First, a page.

When Mark arrives on L’Equipe’s website (except he’s not called Mark, he’s just an anonymous code number) a signal goes out to potential buyers. The RadiumOne tool recognizes Mark – it’s been tracking his behaviour via cookies, and knows he’s a valuable target – and makes a bid. If it bids high enough and fast enough, Mark is served an ad from one of RadiumOne’s clients. But one of its competitors could just as easily win.
That’s only the tip of the iceberg. RadiumOne’s tools are constantly monitoring the online movements of consumers to identify opportunities for its clients. Caroline explains: “For example, if our tool notices that Mark is a client of American Express, it analyses his online comportment and looks for consumers with a similar behaviour – look-alikes. And now it has dozens of potential new Amex customers.”
RadiumOne also tracks the articles you share on social media, and more importantly with whom. Those people are your circle of friends – and potential customers. Then there’s geo-fencing: if you pass through the same airport on a regular basis, as indicated by your mobile phone, you can be served with an appropriate ad at that moment. And since you’re clearly a well-travelled business person, your clients will also find themselves on the radar.
THE HUMAN FACTOR
You get the idea by now – it’s a sort of benevolent espionage. Thrilling, in a spine-tingling sort of way. But where does that leave creativity? Still in the game, it turns out. Because no matter how clever companies like RadiumOne are at serving ads, you can easily ignore them. The trick is to make sure the target pays attention.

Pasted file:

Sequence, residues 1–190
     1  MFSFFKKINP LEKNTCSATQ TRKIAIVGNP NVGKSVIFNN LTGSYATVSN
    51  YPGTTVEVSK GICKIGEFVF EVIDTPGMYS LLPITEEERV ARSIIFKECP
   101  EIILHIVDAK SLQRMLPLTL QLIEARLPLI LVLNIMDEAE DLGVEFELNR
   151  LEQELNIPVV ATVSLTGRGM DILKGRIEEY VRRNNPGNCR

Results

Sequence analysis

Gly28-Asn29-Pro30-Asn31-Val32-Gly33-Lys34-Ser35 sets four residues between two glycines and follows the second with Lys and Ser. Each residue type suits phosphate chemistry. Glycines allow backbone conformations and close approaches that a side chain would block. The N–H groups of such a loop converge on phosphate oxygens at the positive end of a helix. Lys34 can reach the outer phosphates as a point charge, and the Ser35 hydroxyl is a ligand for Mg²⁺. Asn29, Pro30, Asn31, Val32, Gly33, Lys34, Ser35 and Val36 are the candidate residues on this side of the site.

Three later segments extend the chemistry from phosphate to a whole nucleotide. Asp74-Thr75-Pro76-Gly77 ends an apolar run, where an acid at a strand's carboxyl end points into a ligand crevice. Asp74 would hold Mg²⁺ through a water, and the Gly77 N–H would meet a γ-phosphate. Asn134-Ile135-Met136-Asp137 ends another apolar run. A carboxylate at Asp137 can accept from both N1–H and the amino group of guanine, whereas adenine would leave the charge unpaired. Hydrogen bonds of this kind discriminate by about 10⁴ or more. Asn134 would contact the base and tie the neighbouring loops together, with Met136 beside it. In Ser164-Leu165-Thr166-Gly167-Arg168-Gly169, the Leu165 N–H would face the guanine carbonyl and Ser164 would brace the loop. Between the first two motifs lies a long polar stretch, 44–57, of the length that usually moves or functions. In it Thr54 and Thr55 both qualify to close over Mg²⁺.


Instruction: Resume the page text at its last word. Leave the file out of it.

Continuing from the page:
Caroline says: “In order to engage him you need something impactful, which expresses the values of the brand. If he clicks, we can move to the next phase, where the message is more focused the product. If he clicks after that, I’ve got him – and I can start talking about price.”
RadiumOne does not create these messages – and therein lies a problem. “Data, media and creative should work together as a trio,” says Caroline. “But very often, unfortunately, they don’t.”
The result is a new generation of agencies that can personalise and adapt creative work to specific consumers, in real time, based on relevant data – RadiumOne works with an outfit called ADventori, for example.
With all this talk of automation, it would be easy to imagine that the human element has largely been removed – reduced to a couple of geeks with laptops in an otherwise empty office. In fact, a new population has entered the advertising industry, from techno-savvy sales people and data scientists to media traders who barter space on ad exchanges with the urgency of stockbrokers. There are 45 people in RadiumOne’s Paris office.
Caroline says: “We still need to talk to clients, and we still need to talk to their media agencies. We need to define the target and that strategy. And we often do that in the traditional way – by picking up the phone.”
By Philippe Paget, Editorial Director, AdForum